Sunday, August 24, 2003

Random Thoughts

It's Sunday morning, and I'm at the office because I'm drastically running short of time to work on a pleading. Once again, the core question of my life is pushed front and center: what do you do when you love your work, but your work is giving you an ulcer? So, I'm taking a brief break to throw out some random thoughts:

More on 12

Much to my surprise, there was a good discussion of Prop. 12 today in the Houston Chronicle. Janet Elliott does a good job of summarizing the issues and allegations flying around, though it concerns me a little bit that the anti-12 material gets top billing. Nevertheless, a person reading the entire article would have a good idea of the key arguments and issues. It isn't as good as mine, of course, but it's a start.

More on Connections

I mentioned James Burke's 1978 series "Connections" a couple of posts ago, and I've been fondly reminiscing about it ever since. (Apparently, Colleen shares my fondness for the series.) It's an amazing piece of thinking, presented as an amazing piece of television. Burke's trick is to take critical moments of history (usually inventions) and follow the consequences of that moment to the modern day, by showing how each development of history created its own problems. The first episode, "The Trigger Effect," sets the stage for this cause-and-effect relationship by showing how a single relay tripped at the Niagra power station, causing a massive blackout in New York.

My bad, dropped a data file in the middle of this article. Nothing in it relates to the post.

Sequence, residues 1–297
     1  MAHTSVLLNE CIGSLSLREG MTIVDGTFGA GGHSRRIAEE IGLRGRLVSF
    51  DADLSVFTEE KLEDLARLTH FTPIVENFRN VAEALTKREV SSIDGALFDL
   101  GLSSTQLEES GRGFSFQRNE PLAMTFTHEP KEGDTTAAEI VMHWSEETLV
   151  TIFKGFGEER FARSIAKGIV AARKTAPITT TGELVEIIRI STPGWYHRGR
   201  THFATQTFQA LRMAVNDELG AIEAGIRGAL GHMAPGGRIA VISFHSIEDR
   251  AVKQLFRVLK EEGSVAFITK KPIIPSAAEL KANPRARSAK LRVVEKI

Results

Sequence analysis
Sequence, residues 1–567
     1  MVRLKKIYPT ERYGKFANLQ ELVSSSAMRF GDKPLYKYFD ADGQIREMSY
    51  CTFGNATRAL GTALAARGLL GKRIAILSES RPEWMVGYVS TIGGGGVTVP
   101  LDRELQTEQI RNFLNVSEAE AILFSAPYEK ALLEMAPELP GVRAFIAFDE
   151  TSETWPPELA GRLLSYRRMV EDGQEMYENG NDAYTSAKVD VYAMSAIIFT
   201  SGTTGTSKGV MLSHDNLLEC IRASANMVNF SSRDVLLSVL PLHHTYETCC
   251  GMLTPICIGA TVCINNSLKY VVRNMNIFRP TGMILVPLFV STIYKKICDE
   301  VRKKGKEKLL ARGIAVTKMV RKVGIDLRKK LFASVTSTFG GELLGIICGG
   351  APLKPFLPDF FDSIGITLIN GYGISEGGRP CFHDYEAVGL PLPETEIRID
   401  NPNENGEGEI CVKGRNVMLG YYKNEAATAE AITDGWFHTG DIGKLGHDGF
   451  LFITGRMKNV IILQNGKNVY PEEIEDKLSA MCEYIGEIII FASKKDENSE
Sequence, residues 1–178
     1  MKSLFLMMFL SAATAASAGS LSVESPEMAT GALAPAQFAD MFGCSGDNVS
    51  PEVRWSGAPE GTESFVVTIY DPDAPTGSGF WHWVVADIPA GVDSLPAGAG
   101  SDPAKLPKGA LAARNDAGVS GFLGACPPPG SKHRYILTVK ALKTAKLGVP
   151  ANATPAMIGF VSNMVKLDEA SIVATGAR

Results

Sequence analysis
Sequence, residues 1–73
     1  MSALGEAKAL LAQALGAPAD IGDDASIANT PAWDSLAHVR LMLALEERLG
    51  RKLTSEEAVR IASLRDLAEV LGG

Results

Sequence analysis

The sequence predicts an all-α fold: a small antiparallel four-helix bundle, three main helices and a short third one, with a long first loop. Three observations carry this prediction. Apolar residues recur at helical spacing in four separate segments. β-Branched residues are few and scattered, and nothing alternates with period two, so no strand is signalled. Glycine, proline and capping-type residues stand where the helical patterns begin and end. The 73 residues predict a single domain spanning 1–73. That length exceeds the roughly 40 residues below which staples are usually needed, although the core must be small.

Ironically, I much preferred the television series over the book, because the television series seemed to create a sense of immediacy that the book couldn't quite convey. Also, it's just cooler when you can actually see how a "touchstone" works, or a Jacquard loom, or a nuclear bomber. Each of the following series ("The Day The Universe Changed," "After the Warming," "Connections 2," "Connections 3") developed the same idea through different stories. They were also good, but decreasingly so, because I couldn't get away from the feeling that Burke was milking the idea a bit. Burke's book "The Axemaker's Gift" is a good twist on the theme; it traces the effects of the specialized "toolmaker" class of humanity, and urges the rest of us to use the tools to restrain the toolmakers. It's uneven, but thought-provoking. His more recent books ("The Pinball Effect," "Circles," "The Knowledge Web") have tried to show the interconnectedness of knowledge, to lesser effect.

The original ten-episode series "Connections" is available on DVD, though not easily. You can get it for the amazing sale price of $150 at Ambrose Video. (It's a Time Life production, so it's pretty pricey.) I haven't seen it turn up on television in many years, though Connections 2 and Connections 3 have. And it's not even available at Vulcan Video, the world's greatest video store, though you might have luck at your local library. I have the series on decrepit VHS tapes, recorded off of PBS who-knows-how-long-ago.

 10:06 AM

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